I’m Sick Of The Millennial Complaint

Nicki Varkevisser
Nicki Varkevisser

Recently I had a mental breakdown over school. It’s frustrating. It’s uncomfortable. It’s expensive. I really enjoy the teachers and education that I’m receiving, but a majority of the time I just feel unaccomplished. You know what I did for three straight hours yesterday afternoon instead of studying for my Art History exam? I stalked Shailene Woodley. I then proceeded to browse online interviews on different accomplished millennials for a few hours. The result: continual self-hatred because I’m almost at the age where great actors and geniuses contributed unbelievable achievements to humanity, while I sit here on my MacBook, avoiding an art history exam. I constantly feel bad about myself. I feel bad that I’m not famous. I feel bad that I don’t go to a better college. I feel bad that I haven’t changed the world drastically in the past nineteen years of my existence.

But the thing is: I’m tired of feeling pressure over things that exist out of my control. Maybe that’s why so many millennials take their futures so seriously? We carry constant anxiety that we will not be as passionate or hard working as our parents and with good reason. Our parents worked hard to make our lives better and happier. Most millennials have grown up more privileged than any other generation of young Americans. And, because of that, we now look down on the ordinary American life our parents had. We expect unrealistic opportunities: stardom, a huge scholarship, a gorgeous boyfriend or girlfriend. And, sure, some or maybe even all of these things will happen for us, but we shouldn’t get our hopes up. We all can’t be Shailene Woodley, okay?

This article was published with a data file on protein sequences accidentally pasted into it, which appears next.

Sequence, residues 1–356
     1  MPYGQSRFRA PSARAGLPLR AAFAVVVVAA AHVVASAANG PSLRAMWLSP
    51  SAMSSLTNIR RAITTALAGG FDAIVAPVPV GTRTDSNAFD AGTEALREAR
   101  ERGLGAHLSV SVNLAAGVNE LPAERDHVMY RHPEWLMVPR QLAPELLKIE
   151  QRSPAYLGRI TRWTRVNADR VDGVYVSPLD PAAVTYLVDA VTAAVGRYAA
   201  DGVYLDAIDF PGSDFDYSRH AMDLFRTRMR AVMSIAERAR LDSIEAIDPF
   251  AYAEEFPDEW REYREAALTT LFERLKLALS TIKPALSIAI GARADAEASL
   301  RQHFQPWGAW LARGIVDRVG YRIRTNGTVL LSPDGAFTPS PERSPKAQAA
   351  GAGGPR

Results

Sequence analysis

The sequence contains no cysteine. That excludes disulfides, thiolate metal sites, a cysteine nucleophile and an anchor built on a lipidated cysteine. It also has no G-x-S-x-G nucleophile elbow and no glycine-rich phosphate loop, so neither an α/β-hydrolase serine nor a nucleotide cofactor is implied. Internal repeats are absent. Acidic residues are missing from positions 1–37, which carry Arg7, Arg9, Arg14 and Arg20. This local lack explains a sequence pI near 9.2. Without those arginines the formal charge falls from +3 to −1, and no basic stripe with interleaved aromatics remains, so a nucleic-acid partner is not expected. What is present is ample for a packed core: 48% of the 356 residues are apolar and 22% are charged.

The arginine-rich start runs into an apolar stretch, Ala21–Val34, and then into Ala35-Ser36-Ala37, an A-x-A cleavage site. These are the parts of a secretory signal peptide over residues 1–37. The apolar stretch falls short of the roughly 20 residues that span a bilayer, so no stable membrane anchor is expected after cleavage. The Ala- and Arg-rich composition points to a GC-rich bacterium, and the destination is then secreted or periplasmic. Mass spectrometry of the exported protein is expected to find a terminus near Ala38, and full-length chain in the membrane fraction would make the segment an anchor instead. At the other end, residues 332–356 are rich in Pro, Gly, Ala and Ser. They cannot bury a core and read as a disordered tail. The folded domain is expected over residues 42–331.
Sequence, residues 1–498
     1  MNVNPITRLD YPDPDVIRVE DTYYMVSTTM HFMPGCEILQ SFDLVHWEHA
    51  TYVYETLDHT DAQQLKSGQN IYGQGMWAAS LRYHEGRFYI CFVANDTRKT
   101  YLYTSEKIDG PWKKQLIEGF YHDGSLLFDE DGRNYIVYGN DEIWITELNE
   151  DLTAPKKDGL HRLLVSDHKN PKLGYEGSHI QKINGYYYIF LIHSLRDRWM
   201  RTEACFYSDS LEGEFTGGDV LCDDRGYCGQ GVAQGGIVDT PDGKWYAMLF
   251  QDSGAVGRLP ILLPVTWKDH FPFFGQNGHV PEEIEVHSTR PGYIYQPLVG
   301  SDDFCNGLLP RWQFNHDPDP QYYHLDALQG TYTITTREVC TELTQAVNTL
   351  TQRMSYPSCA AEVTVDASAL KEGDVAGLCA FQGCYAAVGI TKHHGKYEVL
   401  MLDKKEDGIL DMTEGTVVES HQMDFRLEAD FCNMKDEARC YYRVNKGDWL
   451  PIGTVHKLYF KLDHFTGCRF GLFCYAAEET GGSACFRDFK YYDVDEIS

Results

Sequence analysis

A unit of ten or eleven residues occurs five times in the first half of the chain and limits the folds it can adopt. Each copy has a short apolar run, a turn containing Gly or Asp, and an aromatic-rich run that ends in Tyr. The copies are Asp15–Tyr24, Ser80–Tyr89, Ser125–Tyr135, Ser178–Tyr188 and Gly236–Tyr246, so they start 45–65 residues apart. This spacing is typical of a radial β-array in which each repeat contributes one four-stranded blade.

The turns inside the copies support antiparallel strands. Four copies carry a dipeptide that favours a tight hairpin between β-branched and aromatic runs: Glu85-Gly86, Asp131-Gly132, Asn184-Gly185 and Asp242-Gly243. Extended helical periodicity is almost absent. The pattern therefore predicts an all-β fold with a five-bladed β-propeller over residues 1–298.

The truth is that you might end up with a job that makes you unhappy. You may make a lot less money than your parents. The person you end up with may be someone you learned to settle for. But you know what? That’s part of being human, even if you’re a millennial. Welcome to the world your parents lived in, and the parents before them, and so on. What I have learned is that sitting around and worrying about your future and the pressures I have of being a millennial will lead me nowhere but stuck. Stuck in an anxiety engendered by my generation over the amount of killer references I have on my resume or the way my nose looks. I refuse to live stuck in my anxieties and worries. I’m tired of having millennial expectations. It’s time to move on with my life, and so should you, millennial. TC mark

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  • http://sagemind.wordpress.com Alexia Fernandez

    Reblogged this on SageMind. and commented:
    Captures how I feel all the time. The sad/scary part is, we tell ourselves we must go to college and once we’re there, we feel like we have to finish it out. We tell ourselves, “I’ll wait until I’m graduated, then I’ll pursue what I really want to do.” Does it ever really happen? Or do you just get sucked in to another promise?

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